- Broadcom on Monday offered to buy Qualcomm in what would be the largest tech deal on record.
- Qualcomm is set to reject the unsolicited offer, according to several reports.
- This sets Broadcom up to start a hostile takeover campaign for its rival, which has been rattled recently by a lawsuit with Apple over licensing fees.
- Qualcomm shares on Monday traded below the offer price of about $US70 per share, suggesting that traders were sceptical.
The semiconductor giant Broadcom is set to enter a tasking campaign in its bid to buy Qualcomm.
Earlier on Monday, Broadcom said it made a $US70-per-share offer to Qualcomm shareholders that consists of $US60 in cash and $US10 in Broadcom shares. If approved, it would be the largest-ever tech acquisition, surpassing the $US60 billion tie-up between Dell and EMC in 2016.
But Qualcomm is poised to reject the unsolicited offer worth $US103 billion, according to the Financial Times.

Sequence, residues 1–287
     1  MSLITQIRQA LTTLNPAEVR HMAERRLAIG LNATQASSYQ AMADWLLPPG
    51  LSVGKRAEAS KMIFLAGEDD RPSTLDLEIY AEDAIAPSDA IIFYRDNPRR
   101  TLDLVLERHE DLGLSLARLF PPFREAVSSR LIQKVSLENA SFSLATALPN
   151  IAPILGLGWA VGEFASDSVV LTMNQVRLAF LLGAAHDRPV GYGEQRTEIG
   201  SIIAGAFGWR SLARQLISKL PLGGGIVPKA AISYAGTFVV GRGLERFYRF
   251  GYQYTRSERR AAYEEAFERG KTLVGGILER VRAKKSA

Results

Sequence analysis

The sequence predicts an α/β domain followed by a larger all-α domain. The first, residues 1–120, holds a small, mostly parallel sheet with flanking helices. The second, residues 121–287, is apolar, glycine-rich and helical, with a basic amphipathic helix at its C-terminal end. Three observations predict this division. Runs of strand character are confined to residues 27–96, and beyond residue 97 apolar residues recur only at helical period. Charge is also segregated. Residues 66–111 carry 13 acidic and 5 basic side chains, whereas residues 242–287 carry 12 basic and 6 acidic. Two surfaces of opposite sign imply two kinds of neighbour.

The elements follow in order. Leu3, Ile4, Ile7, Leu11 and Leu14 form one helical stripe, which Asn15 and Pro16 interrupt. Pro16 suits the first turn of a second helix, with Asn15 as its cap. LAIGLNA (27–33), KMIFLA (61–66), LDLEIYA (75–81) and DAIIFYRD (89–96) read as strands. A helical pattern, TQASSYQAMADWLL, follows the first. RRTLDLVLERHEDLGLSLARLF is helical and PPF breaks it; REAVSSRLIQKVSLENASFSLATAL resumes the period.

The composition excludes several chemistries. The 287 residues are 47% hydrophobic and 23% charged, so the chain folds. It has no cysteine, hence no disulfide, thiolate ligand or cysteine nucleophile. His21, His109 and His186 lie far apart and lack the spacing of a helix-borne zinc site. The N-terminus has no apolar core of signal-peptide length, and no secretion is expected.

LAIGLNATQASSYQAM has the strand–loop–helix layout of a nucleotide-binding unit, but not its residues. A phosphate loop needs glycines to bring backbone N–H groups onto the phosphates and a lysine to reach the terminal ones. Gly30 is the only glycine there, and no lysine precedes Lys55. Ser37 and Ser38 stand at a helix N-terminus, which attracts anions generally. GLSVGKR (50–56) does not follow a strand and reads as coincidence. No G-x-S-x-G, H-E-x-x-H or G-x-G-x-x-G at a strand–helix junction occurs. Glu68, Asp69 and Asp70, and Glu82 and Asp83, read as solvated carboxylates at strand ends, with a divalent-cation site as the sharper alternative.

The offer price undervalues Qualcomm and is below what its board would seriously consider, the FT reported. That’s in spite of the 28% premium that Broadcom’s offer places on Qualcomm’s closing price Thursday, the eve of the first news report on the deal.
Qualcomm said Monday that its directors were assessing Broadcom’s bid and would act in their shareholders’ best interest.
Meanwhile, Broadcom is getting ready for a proxy battle and may make its pitch directly to Qualcomm shareholders if the board rejects the deal, Bloomberg reported. Another tactic Broadcom could use is to nominate directors for Qualcomm’s board ahead of the company’s annual general meeting in 2018.
Traders are sceptical of Broadcom’s chances. The stock gained again on Monday, but only to as high as $US65.32 a share just before noon in New York. That’s still shy of the offer price, and indicates that traders are playing it safe.
Broadcom’s bid is a very ambitious attempt to grow its share of the market for components that go into mobile phones. It’s also a timely bid Qualcomm, whose earnings this year have been hurt by a global lawsuit with Apple over its licensing fees for patents. The combined company would be third-largest chipmaker behind Intel and Samsung. But that’s almost certain to draw the ire of the US Department of Justice for antitrust concerns.
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